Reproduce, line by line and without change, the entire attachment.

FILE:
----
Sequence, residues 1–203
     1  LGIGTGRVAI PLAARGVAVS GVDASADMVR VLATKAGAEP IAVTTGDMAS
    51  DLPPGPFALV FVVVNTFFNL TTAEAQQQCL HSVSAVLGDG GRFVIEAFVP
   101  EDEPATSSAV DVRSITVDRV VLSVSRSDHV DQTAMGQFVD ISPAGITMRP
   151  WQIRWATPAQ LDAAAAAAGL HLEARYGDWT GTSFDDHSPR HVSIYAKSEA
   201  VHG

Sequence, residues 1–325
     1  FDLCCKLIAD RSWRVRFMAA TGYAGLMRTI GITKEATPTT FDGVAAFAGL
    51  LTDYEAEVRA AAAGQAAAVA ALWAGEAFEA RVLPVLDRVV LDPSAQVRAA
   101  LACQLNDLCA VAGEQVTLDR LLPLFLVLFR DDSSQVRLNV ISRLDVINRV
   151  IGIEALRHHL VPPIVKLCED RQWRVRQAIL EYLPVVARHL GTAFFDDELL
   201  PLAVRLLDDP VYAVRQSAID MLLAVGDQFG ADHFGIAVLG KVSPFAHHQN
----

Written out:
Sequence, residues 1–203
     1  LGIGTGRVAI PLAARGVAVS GVDASADMVR VLATKAGAEP IAVTTGDMAS
    51  DLPPGPFALV FVVVNTFFNL TTAEAQQQCL HSVSAVLGDG GRFVIEAFVP
   101  EDEPATSSAV DVRSITVDRV VLSVSRSDHV DQTAMGQFVD ISPAGITMRP
   151  WQIRWATPAQ LDAAAAAAGL HLEARYGDWT GTSFDDHSPR HVSIYAKSEA
   201  VHG

Sequence, residues 1–325
     1  FDLCCKLIAD RSWRVRFMAA TGYAGLMRTI GITKEATPTT FDGVAAFAGL
    51  LTDYEAEVRA AAAGQAAAVA ALWAGEAFEA RVLPVLDRVV LDPSAQVRAA
   101  LACQLNDLCA VAGEQVTLDR LLPLFLVLFR DDSSQVRLNV ISRLDVINRV
   151  IGIEALRHHL VPPIVKLCED RQWRVRQAIL EYLPVVARHL GTAFFDDELL
   201  PLAVRLLDDP VYAVRQSAID MLLAVGDQFG ADHFGIAVLG KVSPFAHHQN